Independent grocery and convenience stores in the state of Washington operate on razor-thin margins — so thin that even small changes to their expenses can put them out of business. Yet these businesses, which are often family-owned, play a vital role in their communities, sometimes as one of the only sources of fresh food and groceries.
With almost 400 members representing over 1,500 stores, the Washington Food Industry Association (WFIA) advocates for the interests of independent grocers, convenience stores, and their suppliers across the state at every level of government. Members are sometimes the only grocery store in their locality, so they become ingrained in the community and represent much more for the consumers than a big chain store.
Protecting Members & Consumers at the Hyper-Local Level
WFIA leverages technology to protect not only its business members but also the consumers they serve. For example, during the COVID-19 pandemic, many municipalities across the nation proposed or passed hazard pay legislation for grocery store employees in response to the increased health risk these workers faced.
While publicly traded national grocery chains saw profits increase during the pandemic, smaller independent chains struggled to stay afloat as consumers shifted to shopping online. For these smaller grocery stores, hazard pay wage increases could be enough to force them out of business, leaving some consumers without reliable access to food.
Keeping track and staying ahead of these discussions across municipalities is no easy task. But WFIA has a powerful tool on its side: FiscalNote’s local monitoring service Curate, which helps it track local laws, resolutions, speeches, hearings, and more in all local governments across Washington state.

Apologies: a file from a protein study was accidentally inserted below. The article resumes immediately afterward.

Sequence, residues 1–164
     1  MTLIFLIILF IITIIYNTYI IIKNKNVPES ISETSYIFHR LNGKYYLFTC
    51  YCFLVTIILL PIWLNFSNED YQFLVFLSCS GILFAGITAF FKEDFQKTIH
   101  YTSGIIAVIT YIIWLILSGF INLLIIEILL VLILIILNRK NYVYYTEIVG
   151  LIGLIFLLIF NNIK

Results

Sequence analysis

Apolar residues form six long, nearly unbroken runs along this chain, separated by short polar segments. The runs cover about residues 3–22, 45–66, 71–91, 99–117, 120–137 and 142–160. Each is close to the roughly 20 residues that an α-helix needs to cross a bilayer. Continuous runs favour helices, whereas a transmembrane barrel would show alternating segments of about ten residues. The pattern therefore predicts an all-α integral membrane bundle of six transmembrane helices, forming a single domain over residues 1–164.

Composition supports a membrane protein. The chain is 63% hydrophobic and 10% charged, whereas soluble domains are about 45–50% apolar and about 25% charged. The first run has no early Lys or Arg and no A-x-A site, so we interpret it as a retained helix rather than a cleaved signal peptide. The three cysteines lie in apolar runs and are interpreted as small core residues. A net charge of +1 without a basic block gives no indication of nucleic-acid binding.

“We were able to be proactive and get out in front of it because we had a heads up through Curate,” says Tammie Hetrick, president and CEO of the Washington Food Industry Association. “And that was just huge because then we could get boots on the ground, get those members engaged and talking to council members before it even got to a vote. We were successful in most jurisdictions in getting our independent grocers out of hazard pay by being able to get in front of this. We got stuck in a few of them, but not many because Curate helped us — I’m just a huge fan.”
”We were successful in most jurisdictions in getting our independent grocers out of hazard pay by being able to get in front of thTammie HetrickPresident and CEO, Washington Food Industry Association
Mobilizing Members Across the State to Affect Policy Decisions
When issues do reach the state’s capitol, Hetrick’s team relies on FiscalNote’s flagship advocacy solution, VoterVoice, to mobilize WFIA’s members, make their voices heard, and allow them to be part of policy conversations.
“It’s so much more impactful to have the legislator hear directly from people in their district,” says Katie Doyle, government affairs director at the Washington Food Industry Association. “We’re great at our jobs and we’re proud of what we are able to accomplish, but VoterVoice gives us the ability to share the unique perspective that independent grocery or convenience stores have on an issue.”
One example is when earlier this year, the legislature had proposed to repeal a 2003 “ergonomics” law, which would have allowed Washington’s Labor and Industries agency the authority to set new rules on working practices to address musculoskeletal injuries. There’s a lot of repetitive movement in the grocery industry so this was a huge issue for WFIA and its members as this bill would have translated into an important cost burden to these businesses.